Injection Drug Use and HCV: Creating a Safe Community in Online Forums
Examining the intersection of hepatitis C and drug use and how our online communities can best support them
It is almost impossible to discuss transmission hepatitis C without looking at injection drug users. Many community-based and public health organizations across North America have implemented measures to combat risks involved with injection drug use. Needle disposal programs, agonist treatments, and safe injection sites are all examples of this. While this is excellent progress in the medical aspect of the disease, there is much to be done to ensure the mental and emotional wellness of HCV positive drug users.
The statistics for injection drug users
In 2011, the Government of Canada Public Health sector published an article that examined the prevalence of vulnerable populations affected by hepatitis C. According to their research, it is estimated that persons who inject drugs (PWID) both past and present account for 42.6% of all HCV antibody-positive cases. Broken down, 66% of current PWID account for positive antibody tests, with 28.5% of positive antibody tests belonging to past injection drug users (IDU).1
Why is this our problem?
Belonging to the hepatitis C community can create feelings of understanding and inclusion for those who participate in them. The many in-person and online methods of hepatitis C support and education are a huge support to many. However, the experiences of a Baby Boomer and a person who contracted HCV through injection drug use can be very different.
Persons who inject drugs that seek hepatitis C education and treatment are often subjected to much criticism and often denied care based on their drug use. Finding a niche as an IDU within the online hepatitis C community can be very discouraging. Directly identifying yourself as a drug user can be dangerous and the consequences can be astronomical.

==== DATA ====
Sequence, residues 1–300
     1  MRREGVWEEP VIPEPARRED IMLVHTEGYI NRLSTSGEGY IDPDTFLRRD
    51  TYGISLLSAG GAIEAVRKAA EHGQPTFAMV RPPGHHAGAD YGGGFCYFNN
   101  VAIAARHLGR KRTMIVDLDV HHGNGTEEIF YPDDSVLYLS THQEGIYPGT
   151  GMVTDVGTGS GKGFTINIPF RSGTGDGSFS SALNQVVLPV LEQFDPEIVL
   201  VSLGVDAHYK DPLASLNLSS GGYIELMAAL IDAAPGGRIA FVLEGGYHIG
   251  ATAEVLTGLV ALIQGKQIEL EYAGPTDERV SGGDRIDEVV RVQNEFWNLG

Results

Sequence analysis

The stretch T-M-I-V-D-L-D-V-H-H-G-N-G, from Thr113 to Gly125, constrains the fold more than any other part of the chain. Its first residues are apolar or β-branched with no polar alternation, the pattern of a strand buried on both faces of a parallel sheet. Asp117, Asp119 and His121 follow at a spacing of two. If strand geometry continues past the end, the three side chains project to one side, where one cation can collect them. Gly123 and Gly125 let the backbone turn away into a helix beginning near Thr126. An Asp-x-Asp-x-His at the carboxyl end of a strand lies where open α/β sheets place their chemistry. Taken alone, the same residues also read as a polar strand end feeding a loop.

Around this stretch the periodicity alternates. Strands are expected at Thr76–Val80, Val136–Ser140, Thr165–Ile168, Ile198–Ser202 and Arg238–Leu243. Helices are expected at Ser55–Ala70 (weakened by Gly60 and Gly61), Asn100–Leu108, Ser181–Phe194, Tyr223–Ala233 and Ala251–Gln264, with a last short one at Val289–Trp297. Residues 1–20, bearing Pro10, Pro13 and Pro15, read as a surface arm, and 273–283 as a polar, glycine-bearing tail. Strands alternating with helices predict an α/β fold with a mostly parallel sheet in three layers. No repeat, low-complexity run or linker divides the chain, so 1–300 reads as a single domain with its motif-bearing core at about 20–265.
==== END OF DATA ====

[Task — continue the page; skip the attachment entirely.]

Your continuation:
All it can take is one identifying post for someone to 'out' them. They may report to their employer, disclose their drug use to their families, or report them to police. It may sound crazy, but it has happened. The internet opens many doors for us, but it can come at the price of our anonymity. And sometimes, our safety.
Working together for each other
As per the statistics mentioned earlier in the article, PWID makes up a large portion of the hepatitis C community, both online and in communities across the country. Being mindful of these statistics can help those who fall under them feel more included and accepted.
Hepatitis C is an ugly disease, and so is addiction. With their intersection being visible in many online communities we must work together to ensure ALL persons with hepatitis C, regardless of how they contracted it, feel welcome and heard.
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